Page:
A: I kind of want less work. I have ideas for things that I want to do for fun. At some point with an agency you give away your time and ideas and I want to protect those for Foehn; there’s only so much that you can give away. And these things are intangible. I’m not too worried about getting more people to pay me, it’s the inverse (laughs).
Q: How did you get the idea for Foehn?
A: I’ve been rock climbing for almost ten years. When I started climbing it was right around the time when I didn’t have much to do, right around the same time that I was building my own stuff to ski in. There was no apparel, it wasn’t the same marketplace that it is now. The idea of a rock climbing brand… they existed of course, but apparel wasn’t what it is today. In terms of style and function combined, these types of things were not around. So I was building my own pants to climb in, pants for me and my friends.
When I left Armada full time, Ingrid and I, I didn’t have too much work. We kind of looked at each other and realized it was the perfect chance to do something together. She has the branding vision and I have the skills to do the product design and make these things come to life. There were these half-baked designs that I had already almost made; a lot of the stuff we’re selling right now is just iterations of stuff that I had made like five years ago. The items you see on the Foehn website now, aside from the button down, are all ideas that I’ve had along the way.
Q: How’d you settle on the name?
A: It was Ingrid’s idea. She was pretty clear about it, it didn’t take long at all. We wanted a name that was about changing the environment around you, which is sort of reflective of what a foehn is. If you think about what the wind actually does in terms of it changes the climate drastically and changes people mood and perceptions and what they can do in rapid time. [A foehn is a warm wind that develops on the lee side of mountain ranges.]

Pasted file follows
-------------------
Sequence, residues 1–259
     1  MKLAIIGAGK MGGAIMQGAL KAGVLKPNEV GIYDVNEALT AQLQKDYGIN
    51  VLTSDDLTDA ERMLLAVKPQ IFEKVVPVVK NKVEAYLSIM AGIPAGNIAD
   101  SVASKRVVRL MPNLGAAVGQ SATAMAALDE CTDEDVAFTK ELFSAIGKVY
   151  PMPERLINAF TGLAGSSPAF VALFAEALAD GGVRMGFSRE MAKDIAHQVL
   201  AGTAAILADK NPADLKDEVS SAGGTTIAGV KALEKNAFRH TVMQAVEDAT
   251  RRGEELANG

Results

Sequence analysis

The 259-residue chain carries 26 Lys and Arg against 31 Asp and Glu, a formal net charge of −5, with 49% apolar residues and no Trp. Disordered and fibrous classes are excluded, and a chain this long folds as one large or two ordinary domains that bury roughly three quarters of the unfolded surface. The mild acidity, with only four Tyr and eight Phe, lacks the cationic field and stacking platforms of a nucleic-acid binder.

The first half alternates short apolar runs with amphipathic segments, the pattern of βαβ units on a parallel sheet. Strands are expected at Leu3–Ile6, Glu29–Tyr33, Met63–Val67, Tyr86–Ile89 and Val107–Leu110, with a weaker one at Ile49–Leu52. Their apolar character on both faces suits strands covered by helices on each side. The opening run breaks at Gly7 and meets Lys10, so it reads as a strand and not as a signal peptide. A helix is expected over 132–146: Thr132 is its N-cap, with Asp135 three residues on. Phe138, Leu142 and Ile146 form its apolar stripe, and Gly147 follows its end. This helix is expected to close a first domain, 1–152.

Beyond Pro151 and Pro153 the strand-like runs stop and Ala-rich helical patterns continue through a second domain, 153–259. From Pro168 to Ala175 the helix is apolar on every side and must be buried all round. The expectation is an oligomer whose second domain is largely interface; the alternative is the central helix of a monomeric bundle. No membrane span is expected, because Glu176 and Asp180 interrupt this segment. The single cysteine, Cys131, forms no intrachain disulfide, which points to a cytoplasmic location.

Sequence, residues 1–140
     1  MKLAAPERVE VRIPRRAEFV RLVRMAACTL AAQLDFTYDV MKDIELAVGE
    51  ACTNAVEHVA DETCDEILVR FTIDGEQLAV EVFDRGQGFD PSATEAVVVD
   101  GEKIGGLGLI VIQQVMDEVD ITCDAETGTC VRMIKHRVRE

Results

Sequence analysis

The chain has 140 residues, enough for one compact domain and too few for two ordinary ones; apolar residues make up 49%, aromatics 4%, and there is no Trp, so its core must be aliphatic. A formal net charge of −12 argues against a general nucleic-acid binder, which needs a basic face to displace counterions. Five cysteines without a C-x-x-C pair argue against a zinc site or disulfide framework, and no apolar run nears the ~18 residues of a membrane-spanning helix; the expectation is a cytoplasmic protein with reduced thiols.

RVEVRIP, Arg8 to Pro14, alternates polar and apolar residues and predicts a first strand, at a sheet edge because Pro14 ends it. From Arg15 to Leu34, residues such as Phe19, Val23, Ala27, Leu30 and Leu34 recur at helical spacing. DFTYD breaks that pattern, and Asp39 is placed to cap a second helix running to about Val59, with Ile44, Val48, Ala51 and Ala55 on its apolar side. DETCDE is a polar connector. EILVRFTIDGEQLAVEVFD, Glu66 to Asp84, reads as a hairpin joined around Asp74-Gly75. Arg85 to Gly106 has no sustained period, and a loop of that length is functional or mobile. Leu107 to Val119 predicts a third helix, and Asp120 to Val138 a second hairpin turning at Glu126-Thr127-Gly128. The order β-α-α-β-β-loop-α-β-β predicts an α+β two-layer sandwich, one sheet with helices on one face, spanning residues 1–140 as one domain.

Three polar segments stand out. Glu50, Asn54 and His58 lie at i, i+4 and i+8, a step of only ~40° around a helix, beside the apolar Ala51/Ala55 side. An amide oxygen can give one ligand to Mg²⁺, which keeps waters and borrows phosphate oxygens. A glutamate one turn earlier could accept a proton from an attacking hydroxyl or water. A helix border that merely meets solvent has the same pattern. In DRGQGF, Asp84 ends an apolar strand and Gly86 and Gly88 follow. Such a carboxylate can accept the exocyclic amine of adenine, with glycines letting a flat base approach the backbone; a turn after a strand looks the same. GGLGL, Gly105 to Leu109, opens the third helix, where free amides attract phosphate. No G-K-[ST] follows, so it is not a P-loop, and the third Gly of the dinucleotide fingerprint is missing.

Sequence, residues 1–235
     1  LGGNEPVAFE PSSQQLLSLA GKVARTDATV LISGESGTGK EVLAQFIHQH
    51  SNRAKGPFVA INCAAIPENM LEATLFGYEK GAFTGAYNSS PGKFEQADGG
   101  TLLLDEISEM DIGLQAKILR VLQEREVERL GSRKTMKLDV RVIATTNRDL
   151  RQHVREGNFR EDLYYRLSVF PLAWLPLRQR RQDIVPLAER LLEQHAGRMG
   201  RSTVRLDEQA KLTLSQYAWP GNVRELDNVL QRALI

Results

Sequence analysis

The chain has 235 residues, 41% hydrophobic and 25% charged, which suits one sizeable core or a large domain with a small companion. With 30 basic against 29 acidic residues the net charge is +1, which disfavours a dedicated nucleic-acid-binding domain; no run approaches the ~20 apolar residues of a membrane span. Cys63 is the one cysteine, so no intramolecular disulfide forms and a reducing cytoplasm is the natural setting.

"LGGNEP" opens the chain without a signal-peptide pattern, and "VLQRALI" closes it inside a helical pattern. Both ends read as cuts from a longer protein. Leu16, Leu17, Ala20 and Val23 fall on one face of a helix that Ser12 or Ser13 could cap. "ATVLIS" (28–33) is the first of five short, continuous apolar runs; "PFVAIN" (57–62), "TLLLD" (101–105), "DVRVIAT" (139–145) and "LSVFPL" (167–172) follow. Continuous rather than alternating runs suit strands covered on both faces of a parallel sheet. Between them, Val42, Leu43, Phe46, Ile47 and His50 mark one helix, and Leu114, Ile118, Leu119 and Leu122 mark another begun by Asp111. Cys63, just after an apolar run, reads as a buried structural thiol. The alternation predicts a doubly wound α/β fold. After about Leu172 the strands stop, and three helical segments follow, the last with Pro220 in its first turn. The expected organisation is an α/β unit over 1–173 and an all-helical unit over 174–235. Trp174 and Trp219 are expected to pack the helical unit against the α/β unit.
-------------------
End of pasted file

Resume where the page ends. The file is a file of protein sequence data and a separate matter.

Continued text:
Q: The Brise Pant was your first product. What were you trying to solve for with that pair of pants?
A: Climbing is due for a change. What’s out there is not relevant to a lot of the people who climb. I think people need something that’s modern and is technical. In terms of silhouette, I wanted to build a modern climbing pant, not something that’s been there for 20 or 30 years and retool it for that purpose.
There’s a lot of room for new ideas in climbing and what technical apparel can look like; I don’t think it needs to look the way it’s always looked in the past. There’s this disconnect where if you want to have something technical it has to look a certain way and that’s not it. They’re tied together, it doesn’t have to be exclusive.
Q: Why has it taken so long in climbing to come to this realization that technical apparel can also look good?
A: I don’t really know why. I think a lot of it is demographic. If you look at running, running stayed the same forever until recently when brands decided to do different things. It just takes new people and new ideas to do something different because they’re going to look at the sport differently. And that’s not good or bad. Now, there’s room for new ideas in climbing and people are looking for those ideas.
Q: What does a Foehn product have to have? What ideas do you keep for yourself?
A: Our number one pillar would be the duality of every product. It’s not enough to make something that looks good and doesn’t work, and it’s not enough to make something that works well but doesn’t look good. When I sit down to draw a prototype or build a prototype, that’s the first element. It has to look relevant to what you’d wanna wear in a day to day setting and it has to function beautifully. And that can be pulled off in different ways, through fabric or silhouette or small details. That’s what I always come back to — does it speak to me on every level?